Objective: GH deficiency is associated with an increased cardiovascular mortality. Fifty-five patients with adult-onset GH deficiency (AO-GHD) (24 female, 31 male, mean age 49 years) were enrolled in a placebo-controlled double-blind crossover study to investigate the effects of GH therapy on a variety of cardiovascular risk factors representing different aspects of atherogenesis, including apolipo-proteins (Apo A-1, Apo B), markers of subclinical inflammation (high-sensitivity C-reactive protein (CRP) and interleukin-6) and markers of endothelial function (intercellular adhesion molecule-1, von Willebrand factor and sCD40L (a pro-atherogenic factor and marker for plaque destabilization)).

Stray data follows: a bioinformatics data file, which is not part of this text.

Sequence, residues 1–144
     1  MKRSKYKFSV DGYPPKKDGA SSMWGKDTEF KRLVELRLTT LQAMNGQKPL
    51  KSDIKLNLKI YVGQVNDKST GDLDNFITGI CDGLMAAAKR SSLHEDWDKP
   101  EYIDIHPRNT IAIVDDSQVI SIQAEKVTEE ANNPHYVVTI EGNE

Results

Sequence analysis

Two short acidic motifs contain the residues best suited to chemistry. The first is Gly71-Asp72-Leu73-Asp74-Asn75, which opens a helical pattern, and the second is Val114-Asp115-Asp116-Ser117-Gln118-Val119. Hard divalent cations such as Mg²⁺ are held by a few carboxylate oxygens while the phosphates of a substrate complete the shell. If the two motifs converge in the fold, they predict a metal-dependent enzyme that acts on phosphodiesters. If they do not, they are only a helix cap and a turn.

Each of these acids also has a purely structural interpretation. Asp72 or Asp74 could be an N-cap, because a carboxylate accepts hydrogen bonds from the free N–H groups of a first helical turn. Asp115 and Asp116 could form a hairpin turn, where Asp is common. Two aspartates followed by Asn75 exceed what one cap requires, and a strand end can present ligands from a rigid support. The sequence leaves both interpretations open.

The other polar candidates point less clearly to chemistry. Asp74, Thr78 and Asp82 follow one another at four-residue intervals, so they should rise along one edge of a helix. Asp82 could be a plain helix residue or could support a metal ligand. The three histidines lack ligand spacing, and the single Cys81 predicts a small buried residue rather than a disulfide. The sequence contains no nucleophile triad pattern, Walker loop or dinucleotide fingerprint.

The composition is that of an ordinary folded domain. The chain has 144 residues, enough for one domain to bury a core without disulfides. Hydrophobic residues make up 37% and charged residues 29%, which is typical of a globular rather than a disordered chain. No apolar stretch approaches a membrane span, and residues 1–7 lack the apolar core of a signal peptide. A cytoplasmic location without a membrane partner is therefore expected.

Methods: GH therapy was individually dosed to obtain an IGF-I concentration within the normal range for age and sex. GH and placebo were administered for 9 months each, separated by a 4 month washout period.
Results: The final mean dose of GH was 50% higher for women and IGF-I increased to the same level in both sexes. Compared with placebo, substitution with GH showed a significant effect on Apo B (mean change −0.15 (−0.22 to −0.08) mg/l) and CRP (−1.8 (−3.3 to −0.3) mg/l). The baseline level of and change in IGF-I during treatment with GH contributed significantly to the improvement in both markers. No effects were found on interleukin-6 or Apo A-1, or on markers of endothelial function. No gender differences were observed for any of the markers at baseline or following intervention.
Conclusions: GH substitution to naïve patients with AO-GHD at a low, individually titrated dose aiming at normalizing IGF-I was followed by significant reductions in Apo B and CRP, indicating a positive effect of GH on cardiovascular risk.